As can been seen from the above discussion, if the hand-held terminal 104 is in the line mode, a character is sent to the computer end terminal 100 without displaying the character on display 156. Whenever a character is sent to the computer end terminal 100, the character along with the recognition security code, is echoed back to the hand-held terminal 104. The received character code and security code cause a receive interrupt service routine as illustrated in FIG. 6R to be executed. The receive interrupt service routine will also be executed whenever a message from the computer end terminal 100 is transmitted to the hand-held terminal 104. When the serial buffer is full, it is read 698 and a determination 700 is made concerning whether the security or recognition code is the proper security code. If the code is correct 702, a recognition flag is set 704 and the receiver interrupt flag is cleared. If the security code is not the correct code, the hand-held terminal ignores the message 706. When the content of the serial buffer is not a recognition code, a determination 708 is made concerning whether the recognition flag has been set. If the recognition flag has been set, the data is valid and it is stored 712 in the receive buffer and sent to the display. The recognition and interrupt flags are then cleared 714.
The computer end transceiver 100 includes both a master microcomputer 206 and a slave microcomputer 224 which share the same memory 218. Whenever the computer end terminal 100 is initialized, the mastercomputer 206 starts serial and parallel port initialization 802 and 804, and loads 806 the interrupt schedule set up occurs as illustrated in FIG. 7A. During the transmit and receive buffer clear stage 808 of the initialization routine, the status indication light emitting diodes 232 are cleared. The master them awaits an interrupt 810.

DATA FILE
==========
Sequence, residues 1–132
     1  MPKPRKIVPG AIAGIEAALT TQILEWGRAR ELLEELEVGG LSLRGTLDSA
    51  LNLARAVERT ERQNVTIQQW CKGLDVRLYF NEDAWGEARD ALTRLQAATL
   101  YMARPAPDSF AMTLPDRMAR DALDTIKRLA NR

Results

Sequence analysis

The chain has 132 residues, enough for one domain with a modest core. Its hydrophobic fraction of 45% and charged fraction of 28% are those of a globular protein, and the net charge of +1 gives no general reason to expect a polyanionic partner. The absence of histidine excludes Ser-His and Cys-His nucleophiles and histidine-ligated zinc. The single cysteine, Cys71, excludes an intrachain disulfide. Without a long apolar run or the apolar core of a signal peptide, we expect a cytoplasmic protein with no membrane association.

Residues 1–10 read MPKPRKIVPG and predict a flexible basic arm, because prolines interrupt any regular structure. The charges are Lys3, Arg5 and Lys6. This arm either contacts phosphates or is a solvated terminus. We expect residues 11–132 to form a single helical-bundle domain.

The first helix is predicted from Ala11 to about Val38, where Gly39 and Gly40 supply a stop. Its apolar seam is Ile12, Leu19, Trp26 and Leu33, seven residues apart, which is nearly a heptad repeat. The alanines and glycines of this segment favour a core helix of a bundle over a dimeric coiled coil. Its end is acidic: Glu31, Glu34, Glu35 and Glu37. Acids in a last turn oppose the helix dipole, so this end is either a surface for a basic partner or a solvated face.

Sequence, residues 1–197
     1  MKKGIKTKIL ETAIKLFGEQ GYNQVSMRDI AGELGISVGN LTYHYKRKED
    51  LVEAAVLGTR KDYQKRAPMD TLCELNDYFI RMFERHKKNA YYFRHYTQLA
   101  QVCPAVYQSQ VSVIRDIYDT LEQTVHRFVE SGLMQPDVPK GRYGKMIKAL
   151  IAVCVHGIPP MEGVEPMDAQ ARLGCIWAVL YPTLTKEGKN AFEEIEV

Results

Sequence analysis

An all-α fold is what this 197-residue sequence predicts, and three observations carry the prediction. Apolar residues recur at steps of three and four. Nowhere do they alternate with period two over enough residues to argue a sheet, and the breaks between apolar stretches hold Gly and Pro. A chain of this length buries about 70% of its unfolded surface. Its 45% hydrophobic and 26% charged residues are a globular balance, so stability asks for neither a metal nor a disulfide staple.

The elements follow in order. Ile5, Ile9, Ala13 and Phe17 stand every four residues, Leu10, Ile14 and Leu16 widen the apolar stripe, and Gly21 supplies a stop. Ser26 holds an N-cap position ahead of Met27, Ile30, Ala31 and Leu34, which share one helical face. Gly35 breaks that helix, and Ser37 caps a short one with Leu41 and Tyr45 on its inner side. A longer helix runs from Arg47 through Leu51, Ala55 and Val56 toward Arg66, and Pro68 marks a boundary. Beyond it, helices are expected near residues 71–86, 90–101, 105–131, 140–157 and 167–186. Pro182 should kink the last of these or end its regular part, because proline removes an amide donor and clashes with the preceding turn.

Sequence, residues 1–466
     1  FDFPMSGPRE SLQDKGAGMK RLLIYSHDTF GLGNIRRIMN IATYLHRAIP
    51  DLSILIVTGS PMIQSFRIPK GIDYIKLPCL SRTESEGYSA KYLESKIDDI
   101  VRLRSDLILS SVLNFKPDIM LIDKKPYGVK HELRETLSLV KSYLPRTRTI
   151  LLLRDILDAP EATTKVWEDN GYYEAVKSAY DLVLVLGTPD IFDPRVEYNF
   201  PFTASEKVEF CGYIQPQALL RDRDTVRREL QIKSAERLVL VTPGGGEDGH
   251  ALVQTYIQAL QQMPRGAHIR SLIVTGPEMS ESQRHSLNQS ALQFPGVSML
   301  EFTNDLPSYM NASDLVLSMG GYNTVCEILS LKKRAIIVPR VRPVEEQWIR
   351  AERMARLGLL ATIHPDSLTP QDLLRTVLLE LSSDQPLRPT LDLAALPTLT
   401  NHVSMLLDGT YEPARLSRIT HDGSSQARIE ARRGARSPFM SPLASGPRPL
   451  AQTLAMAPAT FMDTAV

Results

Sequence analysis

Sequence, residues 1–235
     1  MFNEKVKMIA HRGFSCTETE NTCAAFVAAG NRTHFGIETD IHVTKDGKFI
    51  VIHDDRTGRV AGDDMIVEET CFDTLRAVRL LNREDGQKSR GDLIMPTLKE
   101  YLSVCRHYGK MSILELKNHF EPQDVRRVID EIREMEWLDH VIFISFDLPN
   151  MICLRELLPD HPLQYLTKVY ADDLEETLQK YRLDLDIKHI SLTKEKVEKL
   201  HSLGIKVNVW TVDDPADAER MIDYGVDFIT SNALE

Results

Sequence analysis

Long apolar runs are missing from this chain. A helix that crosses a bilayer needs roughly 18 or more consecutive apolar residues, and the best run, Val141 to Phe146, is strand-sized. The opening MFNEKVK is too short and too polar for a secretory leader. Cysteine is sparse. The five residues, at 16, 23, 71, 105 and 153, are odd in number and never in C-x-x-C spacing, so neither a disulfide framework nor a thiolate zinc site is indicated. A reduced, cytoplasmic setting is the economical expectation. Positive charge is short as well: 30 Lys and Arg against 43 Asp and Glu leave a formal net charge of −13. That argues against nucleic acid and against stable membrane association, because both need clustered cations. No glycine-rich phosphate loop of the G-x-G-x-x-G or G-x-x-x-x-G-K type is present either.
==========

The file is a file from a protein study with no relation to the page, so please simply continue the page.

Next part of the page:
Whenever the serial buffer in the master 206 which receives messages from the hand-held terminal 102 is full, an interrupt occurs in the master microcomputer 206 and the master receive interrupt service routine of FIG. 7B is executed. When the serial buffer is full, a count is initialized 814 and the serial buffer is read. If the character is a security recognition code, a determination 818 is made concerning whether the code is the proper security code and if so, the recognition flag is set 820 and the receive interrupt flag is cleared. If it is not the recognition code, a determination 824 is made concerning whether the recognition flag has been set which indicates that a previous recognition code has been received. If the recognition flag is not set, the message is ignored 822. If the recognition flag is set, the data is valid, the data is stored in the receive buffer, the echo flag is set and the receive character count is incremented. Once the count is incremented, the master transmit routine is called 828. Next, a determination 830 is made concerning whether the received character is a carriage return code in which case the end of message flag is set 832. If the end of message flag is set 834, the character is examined 836 to determine if it is a line feed code. If the character is a line feed code, the receive count is stored 838 in the receive buffer and the slave is activated to send the message to the computer. If the end of message flag is set and the character is not a line feed code, an error has occurred and a request for re-transmission is sent 840 to the hand-held terminal.